January 6 Committee Moves to Arrest Bannon

January 6 Committee Moves to Arrest Bannon

Bannon is not the only defendant who has attempted to defy the Committee’s subpoena. 

The House January 6 Select Committee, tasked with investigating the attack on the U.S. Capitol Building on that date, voted unanimously to refer former White House Chief Strategist Steve Bannon to the Justice Department for prosecution on Tuesday, following his public refusal to cooperate with a legally binding committee subpoena.

The recommendation sends the matter of Bannon’s referral to the full House, which is expected to vote in favor of it, given the Democrats’ slim majority over the Republicans there. If the House votes to refer Bannon to the Department of Justice, Attorney General Merrick Garland can decide whether to pursue the referral or not; if he does, Bannon can be arrested and charged with contempt of Congress.

Rep. Bennie Thomson (D-MS), the committee chairman, indicated his approval of the vote in his opening statement, given the high stakes involved in the investigation.

“When you think about what we’re investigating—a violent attack on the seat of our democracy perpetrated by fellow citizens, on our Constitution [...] it’s shocking to me that anyone would not do everything in their power to assist our investigation,” Thompson said.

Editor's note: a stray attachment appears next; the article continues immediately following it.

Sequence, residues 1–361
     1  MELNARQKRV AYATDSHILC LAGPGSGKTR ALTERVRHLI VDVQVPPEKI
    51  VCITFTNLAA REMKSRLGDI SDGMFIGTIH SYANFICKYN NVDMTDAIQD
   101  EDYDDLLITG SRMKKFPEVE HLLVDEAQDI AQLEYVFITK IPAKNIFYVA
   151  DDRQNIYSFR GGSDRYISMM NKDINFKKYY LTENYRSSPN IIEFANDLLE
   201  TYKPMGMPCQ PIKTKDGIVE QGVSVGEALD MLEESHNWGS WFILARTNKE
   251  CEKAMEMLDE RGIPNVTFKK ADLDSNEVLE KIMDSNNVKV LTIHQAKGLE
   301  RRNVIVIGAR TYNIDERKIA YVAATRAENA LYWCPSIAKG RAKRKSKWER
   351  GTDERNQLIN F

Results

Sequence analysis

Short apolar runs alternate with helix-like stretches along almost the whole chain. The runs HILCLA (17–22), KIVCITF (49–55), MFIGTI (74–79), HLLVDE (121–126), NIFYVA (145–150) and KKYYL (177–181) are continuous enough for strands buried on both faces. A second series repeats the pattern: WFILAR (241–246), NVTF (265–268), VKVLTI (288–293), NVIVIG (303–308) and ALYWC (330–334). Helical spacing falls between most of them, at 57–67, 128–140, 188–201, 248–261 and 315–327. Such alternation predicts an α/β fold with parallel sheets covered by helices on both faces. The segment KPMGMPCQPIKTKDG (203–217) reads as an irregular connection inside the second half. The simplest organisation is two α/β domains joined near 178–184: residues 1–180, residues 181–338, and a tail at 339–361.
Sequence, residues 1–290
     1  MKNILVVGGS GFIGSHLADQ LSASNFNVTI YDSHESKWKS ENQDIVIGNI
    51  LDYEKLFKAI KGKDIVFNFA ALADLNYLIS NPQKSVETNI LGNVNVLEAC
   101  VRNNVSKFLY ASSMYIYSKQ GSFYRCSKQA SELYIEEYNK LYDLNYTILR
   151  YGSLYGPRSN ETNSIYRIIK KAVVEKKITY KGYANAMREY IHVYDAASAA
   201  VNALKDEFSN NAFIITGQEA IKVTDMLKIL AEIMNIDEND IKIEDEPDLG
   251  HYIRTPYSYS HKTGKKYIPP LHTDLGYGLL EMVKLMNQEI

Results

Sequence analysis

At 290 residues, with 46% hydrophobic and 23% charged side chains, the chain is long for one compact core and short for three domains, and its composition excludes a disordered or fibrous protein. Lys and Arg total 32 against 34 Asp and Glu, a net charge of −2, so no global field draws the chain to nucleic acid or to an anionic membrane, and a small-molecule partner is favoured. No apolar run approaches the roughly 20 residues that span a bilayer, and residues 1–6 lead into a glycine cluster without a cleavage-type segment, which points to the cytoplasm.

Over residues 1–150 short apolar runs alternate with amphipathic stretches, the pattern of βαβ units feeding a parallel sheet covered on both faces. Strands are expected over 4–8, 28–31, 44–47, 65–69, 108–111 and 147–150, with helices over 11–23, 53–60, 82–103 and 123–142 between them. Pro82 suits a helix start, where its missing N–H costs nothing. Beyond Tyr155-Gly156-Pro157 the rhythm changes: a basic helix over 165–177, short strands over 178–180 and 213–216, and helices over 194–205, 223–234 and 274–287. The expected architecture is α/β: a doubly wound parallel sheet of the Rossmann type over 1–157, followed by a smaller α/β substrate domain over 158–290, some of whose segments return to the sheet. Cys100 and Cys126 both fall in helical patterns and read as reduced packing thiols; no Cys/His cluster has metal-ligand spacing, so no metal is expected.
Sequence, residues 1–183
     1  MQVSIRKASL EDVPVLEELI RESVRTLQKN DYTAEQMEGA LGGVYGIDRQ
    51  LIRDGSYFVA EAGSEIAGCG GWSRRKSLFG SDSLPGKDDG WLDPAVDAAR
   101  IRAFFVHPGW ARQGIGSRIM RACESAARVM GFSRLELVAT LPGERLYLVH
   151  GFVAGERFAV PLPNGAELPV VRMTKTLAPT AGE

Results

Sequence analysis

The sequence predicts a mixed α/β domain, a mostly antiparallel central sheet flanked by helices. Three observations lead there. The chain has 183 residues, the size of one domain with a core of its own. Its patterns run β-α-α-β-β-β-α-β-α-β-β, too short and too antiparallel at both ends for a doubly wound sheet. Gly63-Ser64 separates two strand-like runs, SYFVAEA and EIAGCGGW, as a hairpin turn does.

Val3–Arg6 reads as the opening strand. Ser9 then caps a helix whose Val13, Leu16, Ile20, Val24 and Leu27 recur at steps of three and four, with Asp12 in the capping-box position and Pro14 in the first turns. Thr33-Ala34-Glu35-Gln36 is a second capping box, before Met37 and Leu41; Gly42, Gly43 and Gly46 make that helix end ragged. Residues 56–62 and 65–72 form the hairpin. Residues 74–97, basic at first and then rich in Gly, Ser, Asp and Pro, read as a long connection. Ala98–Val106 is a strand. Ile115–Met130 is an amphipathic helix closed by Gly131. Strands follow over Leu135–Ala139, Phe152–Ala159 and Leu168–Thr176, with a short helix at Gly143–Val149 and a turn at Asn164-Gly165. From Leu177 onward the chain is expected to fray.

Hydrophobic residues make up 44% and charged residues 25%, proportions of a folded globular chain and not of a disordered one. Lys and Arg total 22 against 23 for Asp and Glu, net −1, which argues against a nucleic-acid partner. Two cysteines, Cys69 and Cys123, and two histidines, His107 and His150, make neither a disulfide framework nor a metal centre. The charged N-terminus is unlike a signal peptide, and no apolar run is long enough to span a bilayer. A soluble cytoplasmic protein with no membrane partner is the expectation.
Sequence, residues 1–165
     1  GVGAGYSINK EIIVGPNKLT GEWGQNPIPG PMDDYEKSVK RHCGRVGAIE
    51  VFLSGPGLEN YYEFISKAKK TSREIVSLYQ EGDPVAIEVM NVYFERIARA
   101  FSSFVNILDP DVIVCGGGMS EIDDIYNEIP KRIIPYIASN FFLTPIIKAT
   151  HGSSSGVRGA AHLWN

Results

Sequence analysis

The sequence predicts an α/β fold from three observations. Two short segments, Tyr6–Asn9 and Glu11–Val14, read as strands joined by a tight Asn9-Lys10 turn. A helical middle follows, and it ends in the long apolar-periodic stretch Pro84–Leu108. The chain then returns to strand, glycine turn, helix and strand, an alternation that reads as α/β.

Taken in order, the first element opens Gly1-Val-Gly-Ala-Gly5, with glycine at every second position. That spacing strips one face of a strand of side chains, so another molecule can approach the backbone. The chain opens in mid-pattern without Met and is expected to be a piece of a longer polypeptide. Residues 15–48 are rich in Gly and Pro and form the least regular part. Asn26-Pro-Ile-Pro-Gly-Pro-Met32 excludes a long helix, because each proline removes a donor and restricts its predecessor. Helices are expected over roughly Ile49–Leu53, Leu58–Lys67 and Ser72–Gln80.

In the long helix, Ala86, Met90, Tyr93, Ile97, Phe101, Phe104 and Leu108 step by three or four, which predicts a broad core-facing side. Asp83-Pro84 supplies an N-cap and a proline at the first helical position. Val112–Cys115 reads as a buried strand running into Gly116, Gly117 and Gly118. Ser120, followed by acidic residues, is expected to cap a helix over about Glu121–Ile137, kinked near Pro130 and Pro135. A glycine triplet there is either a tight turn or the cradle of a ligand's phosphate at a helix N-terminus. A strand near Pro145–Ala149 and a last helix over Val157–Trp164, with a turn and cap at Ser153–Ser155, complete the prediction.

Thompson noted that Bannon was the only witness who had maintained “complete defiance” of the subpoena, after two other Trump officials, Mark Meadows and Kash Patel, indicated they would be willing to testify after initially claiming they would not.

Bannon, Meadows, and Patel had earlier argued that “executive privilege,” a legal doctrine that allows the President to withhold certain information in the public interest, protected them from testifying. President Donald Trump, who helped to stage a rally on January 6 that precipitated the mob attack, filed a lawsuit on Monday claiming executive privilege for the men, although it is unclear if a former president has the right to do so.

Liz Cheney (R-WY), a prominent anti-Trump Republican and one of the two members of the GOP on the committee, criticized this move, arguing that Bannon had “no legal right to ignore the Committee’s lawful subpoena.”

Cheney also noted that Trump’s lawsuit made it appear that the former president was personally involved in organizing the day’s events.

Bannon’s fight against the committee is not the first legal trouble for the former White House official. In August 2020, he and three others were arrested after crowdfunding the construction of a section of the border wall between the United States and Mexico. Prosecutors accused Bannon and the other defendants of accepting the donations and then keeping the money.

Bannon was pardoned by President Trump before the trial began, although his three co-defendants were not.

Trevor Filseth is a current and foreign affairs writer for the National Interest.

Image: Reuters